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Hoffmann, R. A wiki for the life sciences where authorship matters. Nature Genetics (2008)

The effect of valvular regurgitation on plasma Cardiotrophin-1 in patients with normal left ventricular systolic function.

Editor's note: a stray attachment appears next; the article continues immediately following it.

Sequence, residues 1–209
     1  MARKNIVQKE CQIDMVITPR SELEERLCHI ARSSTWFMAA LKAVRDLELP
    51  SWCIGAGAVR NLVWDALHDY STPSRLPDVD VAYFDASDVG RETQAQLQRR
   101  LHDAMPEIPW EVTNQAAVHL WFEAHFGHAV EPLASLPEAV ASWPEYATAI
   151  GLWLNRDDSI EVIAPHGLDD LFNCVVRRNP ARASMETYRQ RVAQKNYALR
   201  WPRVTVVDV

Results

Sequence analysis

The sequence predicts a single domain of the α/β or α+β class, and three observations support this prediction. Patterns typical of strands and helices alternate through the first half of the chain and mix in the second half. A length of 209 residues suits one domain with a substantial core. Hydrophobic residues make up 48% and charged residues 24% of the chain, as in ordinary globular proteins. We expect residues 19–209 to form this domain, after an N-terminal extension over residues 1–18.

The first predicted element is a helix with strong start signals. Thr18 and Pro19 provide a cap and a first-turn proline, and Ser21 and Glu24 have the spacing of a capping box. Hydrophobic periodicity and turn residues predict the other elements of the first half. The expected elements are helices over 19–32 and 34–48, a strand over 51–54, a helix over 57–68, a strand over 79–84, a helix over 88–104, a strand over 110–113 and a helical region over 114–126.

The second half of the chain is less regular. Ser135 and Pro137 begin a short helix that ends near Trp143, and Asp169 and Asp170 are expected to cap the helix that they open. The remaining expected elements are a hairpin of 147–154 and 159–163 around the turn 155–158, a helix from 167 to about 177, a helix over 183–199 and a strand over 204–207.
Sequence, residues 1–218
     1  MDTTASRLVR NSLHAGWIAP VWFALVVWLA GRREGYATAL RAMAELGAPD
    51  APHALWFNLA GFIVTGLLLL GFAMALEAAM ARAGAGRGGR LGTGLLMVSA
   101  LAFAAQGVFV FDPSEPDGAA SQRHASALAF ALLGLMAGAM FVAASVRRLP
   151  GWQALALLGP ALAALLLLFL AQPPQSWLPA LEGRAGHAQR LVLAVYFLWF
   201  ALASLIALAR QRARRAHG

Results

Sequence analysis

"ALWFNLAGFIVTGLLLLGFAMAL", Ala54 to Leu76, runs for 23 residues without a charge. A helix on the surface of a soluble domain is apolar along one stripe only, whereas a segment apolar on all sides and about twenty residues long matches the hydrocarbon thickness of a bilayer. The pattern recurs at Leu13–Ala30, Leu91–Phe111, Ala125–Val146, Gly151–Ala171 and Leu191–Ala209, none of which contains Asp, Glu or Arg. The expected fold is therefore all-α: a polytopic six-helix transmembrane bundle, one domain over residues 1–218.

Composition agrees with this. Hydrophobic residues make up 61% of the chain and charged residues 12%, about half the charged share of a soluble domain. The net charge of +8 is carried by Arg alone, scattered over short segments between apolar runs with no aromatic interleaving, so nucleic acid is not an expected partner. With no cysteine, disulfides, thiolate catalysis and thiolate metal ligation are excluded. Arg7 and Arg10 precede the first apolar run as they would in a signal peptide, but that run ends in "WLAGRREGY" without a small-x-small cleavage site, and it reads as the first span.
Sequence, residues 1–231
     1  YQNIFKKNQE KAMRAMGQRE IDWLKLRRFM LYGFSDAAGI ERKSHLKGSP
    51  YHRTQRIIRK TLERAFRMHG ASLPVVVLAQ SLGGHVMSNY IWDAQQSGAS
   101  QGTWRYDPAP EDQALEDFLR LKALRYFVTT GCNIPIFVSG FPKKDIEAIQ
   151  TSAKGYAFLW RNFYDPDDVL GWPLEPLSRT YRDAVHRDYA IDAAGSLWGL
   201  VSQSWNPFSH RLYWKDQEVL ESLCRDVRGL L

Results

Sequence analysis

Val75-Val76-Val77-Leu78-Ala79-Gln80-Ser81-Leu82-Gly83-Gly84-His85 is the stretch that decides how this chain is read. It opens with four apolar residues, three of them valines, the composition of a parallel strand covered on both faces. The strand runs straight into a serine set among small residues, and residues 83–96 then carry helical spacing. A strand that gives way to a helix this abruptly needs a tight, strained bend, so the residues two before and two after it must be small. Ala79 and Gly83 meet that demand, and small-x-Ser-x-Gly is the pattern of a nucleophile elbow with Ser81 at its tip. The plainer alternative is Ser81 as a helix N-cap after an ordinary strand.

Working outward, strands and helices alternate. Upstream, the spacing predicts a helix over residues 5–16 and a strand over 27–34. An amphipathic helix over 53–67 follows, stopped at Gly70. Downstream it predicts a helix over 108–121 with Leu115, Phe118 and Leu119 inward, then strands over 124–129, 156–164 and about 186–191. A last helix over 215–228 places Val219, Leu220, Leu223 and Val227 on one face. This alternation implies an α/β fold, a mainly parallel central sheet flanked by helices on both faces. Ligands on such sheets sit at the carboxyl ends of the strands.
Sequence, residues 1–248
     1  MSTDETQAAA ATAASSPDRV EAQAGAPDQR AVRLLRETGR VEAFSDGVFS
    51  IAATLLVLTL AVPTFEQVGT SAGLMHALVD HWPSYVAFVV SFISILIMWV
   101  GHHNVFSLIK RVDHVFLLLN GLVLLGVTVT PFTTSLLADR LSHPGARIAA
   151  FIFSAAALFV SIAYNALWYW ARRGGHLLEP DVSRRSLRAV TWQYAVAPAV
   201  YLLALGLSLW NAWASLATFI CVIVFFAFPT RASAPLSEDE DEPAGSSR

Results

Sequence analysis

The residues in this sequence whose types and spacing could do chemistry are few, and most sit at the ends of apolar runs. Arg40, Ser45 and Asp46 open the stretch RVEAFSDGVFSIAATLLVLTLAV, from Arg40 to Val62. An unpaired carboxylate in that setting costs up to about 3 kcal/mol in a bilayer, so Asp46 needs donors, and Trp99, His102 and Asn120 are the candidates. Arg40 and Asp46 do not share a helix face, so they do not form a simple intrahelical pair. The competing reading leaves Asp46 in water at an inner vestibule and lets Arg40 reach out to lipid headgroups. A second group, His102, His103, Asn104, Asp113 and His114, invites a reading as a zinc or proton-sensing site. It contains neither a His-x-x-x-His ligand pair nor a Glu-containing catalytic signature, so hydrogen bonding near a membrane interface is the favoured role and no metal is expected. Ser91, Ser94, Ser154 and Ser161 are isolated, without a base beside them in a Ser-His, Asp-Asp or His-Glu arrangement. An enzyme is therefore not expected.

BACKGROUND: Cardiotrophin-1 (CT-1), a member of the interleukin-6 related cytokine family that act via the gp130 signalling pathway, has been shown to stimulate the assembly of sarcomeric units in series in cardiomyocytes resulting in eccentric hypertrophy, ventricular dilatation and finally loss of function. In situations of volume overload a similar form of eccentric hypertrophy occurs with time. AIMS: We hypothesised that plasma CT-1 would be raised in patients with significant mitral, tricuspid and/or aortic regurgitation (MR/TR or AR, respectively) when compared to those with no (or mild) valvular regurgitant lesion. METHODS: A novel competitive immunoluminometric assay using an in-house polyclonal antibody to amino acids 105-120 of the CT-1 sequence was developed. Seventy-eight patients (31 male, mean+/-S.D. age 63.5+/-17.9 years), all with normal left ventricular systolic function were studied. Results are expressed as mean+/-S.D. fmol/ml. RESULTS: Sixty-three subjects had no significant valvular lesion, seven had moderate/severe MR, nine had moderate/severe TR and four had moderate/severe AR. These subjects had CT-1 concentrations of 53. 3+/-23.2, 90.5+/-44.4, 72.6+/-43.8 and 48.4+/-24.4, respectively (P=0.02, ANOVA). Mean log CT-1 was higher in those with moderate/severe MR when compared to those without a significant regurgitant valvular lesion (P<0.03). The only predictor of moderate/severe MR was log CT-1 (P=0.004). CONCLUSION: These results suggest that plasma CT-1 is raised in those patients with moderate/severe MR in the presence of normal left ventricular systolic function. This secretion of CT-1 could potentially be the cause of ventricular dilatation and subsequent loss of contractile function in these patients. It also offers the intriguing possibility that plasma CT-1 could be used to monitor progression of mitral regurgitation biochemically.[1]


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